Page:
And no, a semi-literate office help in a call centre does not develop an accent.

In fact, a lot of the 'how he knows the answers' flashbacks are too contrived. Sample this, Jamal knows Samuel Colt invented the revolver because Salim got a gun -- it is never explained how -- and shot dead the vile man who heads the beggars' racket. In my hometown, the pistol goes by monikers like 'machine' in the netherworld; I doubt the average underaged Mumbai underworld operative knows a Colt 45, or Samuel Colt. The first gun is usually what is called a 'country' revolver.

And then there is the stereotyped, half-baked, black and white characterisation, almost bar none. For example, Prem Kumar (Anil Kapoor [Images]), the KBC host, is the typical villain who taunts the chaiwallah on his show; and the audience joins in with jeering laughter. Agreed, slum children get life's rawest deal, but not on live television. More likely, sugary treatment on the show, and bitter backstage.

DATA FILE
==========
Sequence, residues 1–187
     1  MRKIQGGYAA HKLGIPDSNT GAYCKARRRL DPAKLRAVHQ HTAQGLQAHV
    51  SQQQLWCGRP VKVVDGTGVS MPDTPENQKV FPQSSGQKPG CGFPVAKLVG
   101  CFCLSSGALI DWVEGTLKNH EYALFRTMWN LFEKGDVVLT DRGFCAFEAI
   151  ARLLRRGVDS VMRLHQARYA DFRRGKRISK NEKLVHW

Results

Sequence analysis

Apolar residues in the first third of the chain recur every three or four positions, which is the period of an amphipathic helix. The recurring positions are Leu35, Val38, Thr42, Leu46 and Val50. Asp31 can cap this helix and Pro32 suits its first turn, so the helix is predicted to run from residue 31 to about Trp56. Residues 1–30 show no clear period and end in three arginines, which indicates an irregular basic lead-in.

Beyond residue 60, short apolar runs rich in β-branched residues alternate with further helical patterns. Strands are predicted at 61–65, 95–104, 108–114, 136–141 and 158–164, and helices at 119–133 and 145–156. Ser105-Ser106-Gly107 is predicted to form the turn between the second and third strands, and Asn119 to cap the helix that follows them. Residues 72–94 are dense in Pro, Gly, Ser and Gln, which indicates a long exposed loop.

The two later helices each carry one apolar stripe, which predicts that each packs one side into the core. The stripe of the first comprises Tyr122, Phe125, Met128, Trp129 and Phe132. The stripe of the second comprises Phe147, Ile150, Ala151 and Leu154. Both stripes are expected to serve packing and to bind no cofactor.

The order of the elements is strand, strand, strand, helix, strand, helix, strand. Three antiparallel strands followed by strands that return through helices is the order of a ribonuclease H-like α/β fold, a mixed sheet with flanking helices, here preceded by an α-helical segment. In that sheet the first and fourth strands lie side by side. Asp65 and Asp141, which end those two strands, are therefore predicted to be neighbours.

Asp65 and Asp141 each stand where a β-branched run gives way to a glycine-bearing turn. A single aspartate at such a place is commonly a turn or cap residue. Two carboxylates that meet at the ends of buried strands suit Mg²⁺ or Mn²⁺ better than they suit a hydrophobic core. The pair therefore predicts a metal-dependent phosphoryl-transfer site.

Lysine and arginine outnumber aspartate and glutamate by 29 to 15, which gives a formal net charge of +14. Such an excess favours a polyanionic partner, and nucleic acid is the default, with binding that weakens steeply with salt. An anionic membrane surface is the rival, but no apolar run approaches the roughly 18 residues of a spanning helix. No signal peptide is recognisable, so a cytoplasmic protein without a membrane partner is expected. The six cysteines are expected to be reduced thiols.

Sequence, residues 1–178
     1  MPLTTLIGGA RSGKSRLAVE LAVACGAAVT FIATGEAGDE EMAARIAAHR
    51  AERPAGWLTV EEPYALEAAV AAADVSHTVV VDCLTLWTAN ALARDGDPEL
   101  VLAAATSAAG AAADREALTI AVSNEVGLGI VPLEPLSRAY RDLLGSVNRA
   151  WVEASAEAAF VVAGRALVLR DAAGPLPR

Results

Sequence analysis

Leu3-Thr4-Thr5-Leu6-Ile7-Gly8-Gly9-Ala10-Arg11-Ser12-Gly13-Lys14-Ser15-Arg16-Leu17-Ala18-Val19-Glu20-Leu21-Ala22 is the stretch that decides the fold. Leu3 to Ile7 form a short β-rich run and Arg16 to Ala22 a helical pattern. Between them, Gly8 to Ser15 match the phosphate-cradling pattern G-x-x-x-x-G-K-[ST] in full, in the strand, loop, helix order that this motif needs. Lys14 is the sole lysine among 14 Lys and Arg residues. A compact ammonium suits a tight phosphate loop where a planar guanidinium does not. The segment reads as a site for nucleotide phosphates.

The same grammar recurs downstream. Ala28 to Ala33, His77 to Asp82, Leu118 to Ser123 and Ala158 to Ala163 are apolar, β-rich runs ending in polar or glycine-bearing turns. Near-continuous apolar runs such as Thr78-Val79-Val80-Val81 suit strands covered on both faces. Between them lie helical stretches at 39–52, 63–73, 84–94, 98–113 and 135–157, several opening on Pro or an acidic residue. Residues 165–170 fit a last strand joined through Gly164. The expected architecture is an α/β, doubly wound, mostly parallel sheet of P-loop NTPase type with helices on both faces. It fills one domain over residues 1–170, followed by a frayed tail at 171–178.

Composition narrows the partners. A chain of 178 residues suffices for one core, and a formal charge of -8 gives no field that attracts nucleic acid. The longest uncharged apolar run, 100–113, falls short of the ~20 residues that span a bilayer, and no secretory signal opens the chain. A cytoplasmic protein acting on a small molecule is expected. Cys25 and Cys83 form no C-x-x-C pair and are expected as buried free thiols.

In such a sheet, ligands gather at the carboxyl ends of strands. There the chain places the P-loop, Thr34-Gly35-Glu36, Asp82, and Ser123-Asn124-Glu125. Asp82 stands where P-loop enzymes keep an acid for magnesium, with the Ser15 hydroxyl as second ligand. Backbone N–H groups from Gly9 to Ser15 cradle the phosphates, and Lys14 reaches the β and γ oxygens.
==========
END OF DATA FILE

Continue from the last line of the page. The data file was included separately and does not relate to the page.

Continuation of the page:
It is also not explained just why Prem goes after Jamal with such malice, beyond a muttered 'It's my show'. 

I can go on and on -- like point out that call centres serving customers in Scotland don't keep telephone directories of Indian cities accessible at the click of a button, and that mobile phones are not listed in telephone directories yet (that's how Jamal finds his brother again) -- but the point is that Slumdog Millionaire is miles short of what I had expected it to be.